You've never heard of them...

We'd like to introduce you to the thousands of musicians working hard across America to get their voices heard.

Our story started a year ago in a small town in Oklahoma called Okemah, the birthplace of Woodie Guthrie. Filming behind-the-scenes videos full-time for musicians had brought us all over the world, but this particular gig was unlike anything we had ever filmed.  Our subject was Colter Wall, a folk singer-songwriter with the weathered voice of an old man trapped in the body of a 20-year-old boy.  He was touring America, playing tunes from a forgotten era to folks in dingy basement bars, auto body shops, and grassy outdoor festivals.  He was sleeping in stale motel rooms.  Hard working musicians know this lifestyle all too well.  This is life on the road.



As we were preparing our drone to shoot an overhead shot of Colter walking with his guitar in hand, he was approached by a charming elderly woman.  She asked what he was doing in town.  He told her that he was a musician, and he was playing the Woody Guthrie Folk Festival.  She was excited and asked him if he would come over and play some songs for her family.  "If you do, I'll give you a beer," she told him.  So when we finished shooting the drone shot, Colter told us that we should all walk over to her house and film him playing some songs for them.

He played for about an hour on her front porch as a dozen strangers danced and listened.  The woman, who was sitting with her great-grandchildren, was smiling ear to ear the whole time.  It was clear that Colter had made this woman's week by sharing his music with her family.  He finished playing, and she thanked him.  She handed him a beer and gave him a big hug.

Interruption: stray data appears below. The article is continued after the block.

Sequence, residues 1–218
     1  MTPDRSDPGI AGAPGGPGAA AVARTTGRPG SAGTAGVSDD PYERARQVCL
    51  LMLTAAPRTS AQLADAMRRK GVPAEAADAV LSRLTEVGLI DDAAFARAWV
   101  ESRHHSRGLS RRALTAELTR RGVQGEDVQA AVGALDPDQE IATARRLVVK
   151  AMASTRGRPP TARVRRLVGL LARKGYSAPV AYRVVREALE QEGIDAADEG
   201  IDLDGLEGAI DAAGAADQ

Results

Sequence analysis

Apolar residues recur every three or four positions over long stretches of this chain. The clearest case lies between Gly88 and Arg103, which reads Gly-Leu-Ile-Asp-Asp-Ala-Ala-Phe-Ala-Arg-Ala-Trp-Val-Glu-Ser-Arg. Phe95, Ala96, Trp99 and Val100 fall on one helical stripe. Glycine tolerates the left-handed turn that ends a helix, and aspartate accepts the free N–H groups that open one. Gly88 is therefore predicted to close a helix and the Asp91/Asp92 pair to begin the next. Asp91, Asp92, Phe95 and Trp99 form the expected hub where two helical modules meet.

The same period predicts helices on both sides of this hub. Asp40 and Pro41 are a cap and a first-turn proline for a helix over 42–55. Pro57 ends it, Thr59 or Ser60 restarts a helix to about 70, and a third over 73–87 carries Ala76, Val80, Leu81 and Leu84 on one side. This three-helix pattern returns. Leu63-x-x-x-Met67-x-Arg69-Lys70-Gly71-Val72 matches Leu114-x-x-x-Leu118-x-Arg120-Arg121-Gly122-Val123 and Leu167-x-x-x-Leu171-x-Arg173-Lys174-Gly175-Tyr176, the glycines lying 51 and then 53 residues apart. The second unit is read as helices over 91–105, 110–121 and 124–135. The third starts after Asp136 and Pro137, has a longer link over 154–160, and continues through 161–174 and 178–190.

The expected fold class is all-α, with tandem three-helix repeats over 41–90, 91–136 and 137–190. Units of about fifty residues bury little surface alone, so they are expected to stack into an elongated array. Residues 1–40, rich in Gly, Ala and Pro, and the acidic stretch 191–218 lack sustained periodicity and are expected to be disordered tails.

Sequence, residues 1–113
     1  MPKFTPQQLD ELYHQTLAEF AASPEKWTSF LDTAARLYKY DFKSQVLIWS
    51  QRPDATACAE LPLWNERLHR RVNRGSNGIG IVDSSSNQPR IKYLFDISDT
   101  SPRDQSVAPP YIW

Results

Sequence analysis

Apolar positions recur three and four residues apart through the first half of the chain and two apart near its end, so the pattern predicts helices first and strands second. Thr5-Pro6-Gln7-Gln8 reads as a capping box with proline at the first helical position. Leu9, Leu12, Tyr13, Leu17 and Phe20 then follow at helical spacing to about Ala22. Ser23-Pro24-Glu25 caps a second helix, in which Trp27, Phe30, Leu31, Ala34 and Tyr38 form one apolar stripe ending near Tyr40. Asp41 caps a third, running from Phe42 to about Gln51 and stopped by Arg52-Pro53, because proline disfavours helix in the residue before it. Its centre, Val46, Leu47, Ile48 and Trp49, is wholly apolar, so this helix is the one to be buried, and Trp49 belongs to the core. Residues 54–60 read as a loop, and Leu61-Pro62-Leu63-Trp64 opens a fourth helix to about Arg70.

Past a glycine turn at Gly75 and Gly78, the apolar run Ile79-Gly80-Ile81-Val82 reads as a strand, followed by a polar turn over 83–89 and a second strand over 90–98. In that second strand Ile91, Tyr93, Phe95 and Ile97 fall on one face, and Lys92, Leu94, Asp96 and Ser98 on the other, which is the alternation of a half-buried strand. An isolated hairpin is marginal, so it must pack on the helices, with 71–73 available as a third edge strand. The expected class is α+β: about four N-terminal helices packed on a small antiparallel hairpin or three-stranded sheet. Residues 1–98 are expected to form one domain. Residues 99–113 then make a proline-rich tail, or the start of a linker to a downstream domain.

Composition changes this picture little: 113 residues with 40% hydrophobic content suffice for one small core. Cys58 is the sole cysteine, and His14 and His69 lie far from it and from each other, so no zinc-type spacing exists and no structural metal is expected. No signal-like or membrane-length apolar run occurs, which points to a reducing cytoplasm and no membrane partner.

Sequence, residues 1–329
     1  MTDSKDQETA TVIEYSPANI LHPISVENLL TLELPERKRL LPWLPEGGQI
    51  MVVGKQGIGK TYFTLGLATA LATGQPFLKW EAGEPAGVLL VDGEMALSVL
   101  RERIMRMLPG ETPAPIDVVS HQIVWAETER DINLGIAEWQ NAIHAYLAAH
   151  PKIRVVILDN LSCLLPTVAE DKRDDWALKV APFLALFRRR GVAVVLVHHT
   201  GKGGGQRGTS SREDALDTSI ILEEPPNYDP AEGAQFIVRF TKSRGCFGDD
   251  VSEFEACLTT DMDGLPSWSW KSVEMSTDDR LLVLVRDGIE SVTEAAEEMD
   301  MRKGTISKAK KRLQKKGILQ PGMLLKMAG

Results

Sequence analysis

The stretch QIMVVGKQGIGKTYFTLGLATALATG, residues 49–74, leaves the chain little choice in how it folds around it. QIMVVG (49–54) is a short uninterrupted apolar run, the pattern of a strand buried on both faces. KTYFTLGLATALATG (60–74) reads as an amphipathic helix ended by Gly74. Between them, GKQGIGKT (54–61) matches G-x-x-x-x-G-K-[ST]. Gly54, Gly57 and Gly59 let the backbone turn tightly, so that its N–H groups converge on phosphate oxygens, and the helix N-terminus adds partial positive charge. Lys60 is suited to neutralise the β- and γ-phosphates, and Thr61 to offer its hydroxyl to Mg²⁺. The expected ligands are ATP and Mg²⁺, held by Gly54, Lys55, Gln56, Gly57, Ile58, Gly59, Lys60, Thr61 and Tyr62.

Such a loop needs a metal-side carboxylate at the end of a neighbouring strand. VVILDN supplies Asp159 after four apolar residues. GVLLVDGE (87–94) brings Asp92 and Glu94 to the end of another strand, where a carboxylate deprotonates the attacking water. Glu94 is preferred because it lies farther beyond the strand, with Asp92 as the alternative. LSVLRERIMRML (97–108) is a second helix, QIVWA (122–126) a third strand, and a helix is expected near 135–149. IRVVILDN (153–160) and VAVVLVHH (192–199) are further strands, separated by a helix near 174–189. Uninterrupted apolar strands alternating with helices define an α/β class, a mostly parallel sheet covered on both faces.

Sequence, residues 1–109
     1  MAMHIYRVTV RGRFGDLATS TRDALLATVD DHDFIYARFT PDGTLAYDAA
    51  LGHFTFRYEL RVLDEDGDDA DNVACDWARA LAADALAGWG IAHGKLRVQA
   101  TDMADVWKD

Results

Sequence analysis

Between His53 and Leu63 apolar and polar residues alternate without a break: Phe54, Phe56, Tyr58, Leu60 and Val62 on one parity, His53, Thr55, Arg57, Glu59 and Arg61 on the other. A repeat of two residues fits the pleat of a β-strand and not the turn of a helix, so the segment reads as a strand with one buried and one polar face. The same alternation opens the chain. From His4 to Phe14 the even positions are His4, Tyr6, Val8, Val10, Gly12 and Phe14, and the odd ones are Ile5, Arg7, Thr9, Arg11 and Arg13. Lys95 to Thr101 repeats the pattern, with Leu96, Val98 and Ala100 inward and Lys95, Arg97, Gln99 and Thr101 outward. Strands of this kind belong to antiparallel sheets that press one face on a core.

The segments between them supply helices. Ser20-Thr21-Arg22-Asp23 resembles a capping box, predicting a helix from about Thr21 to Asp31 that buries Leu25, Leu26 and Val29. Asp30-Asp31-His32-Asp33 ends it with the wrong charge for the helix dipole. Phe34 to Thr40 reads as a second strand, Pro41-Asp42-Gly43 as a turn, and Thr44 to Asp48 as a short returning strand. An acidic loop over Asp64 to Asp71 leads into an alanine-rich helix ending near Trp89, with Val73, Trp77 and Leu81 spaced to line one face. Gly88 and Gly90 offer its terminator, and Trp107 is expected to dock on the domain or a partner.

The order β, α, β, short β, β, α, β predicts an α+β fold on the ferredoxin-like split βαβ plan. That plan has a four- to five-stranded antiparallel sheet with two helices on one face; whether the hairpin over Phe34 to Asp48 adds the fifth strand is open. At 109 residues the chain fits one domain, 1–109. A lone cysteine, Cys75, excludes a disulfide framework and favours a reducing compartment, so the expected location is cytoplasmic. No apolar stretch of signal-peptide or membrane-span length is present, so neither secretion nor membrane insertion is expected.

We were moved by the interaction.  In almost 3 years filming behind-the-scenes with musicians, we had never seen anything so raw.  We filmed Kanye and Rihanna that same summer, and no stories stand out the way that Colter's front porch concert does.  We looked our musical idols deep in the eyes, and we've never seen the emotion that we saw in the woman's eyes in Okemah. 

So we quit our dream job.  Passed on the opportunity to spend another summer filming with the biggest names in the music industry.  We decided that we were going to find the stories that are buried deep in the soil, and make a record with the musicians that tell them.  We're going to spread the word that music isn't about getting followers on the internet, it's about expressing human emotion.

We bought an RV, converted it into a recording studio, and we're going to spend 10 weeks living life on the road.  We will create an album of original music, a documentary film about the trip, and dozens of videos along the way.  Our goal is to shed some light on the forgotten musicians of America-- the buskers, the dive bar dwellers, and the struggling songwriters.

We're going to make videos and tell stories throughout the summer.  If you'd like to receive updates via email, leave us your contact info and we will keep in touch.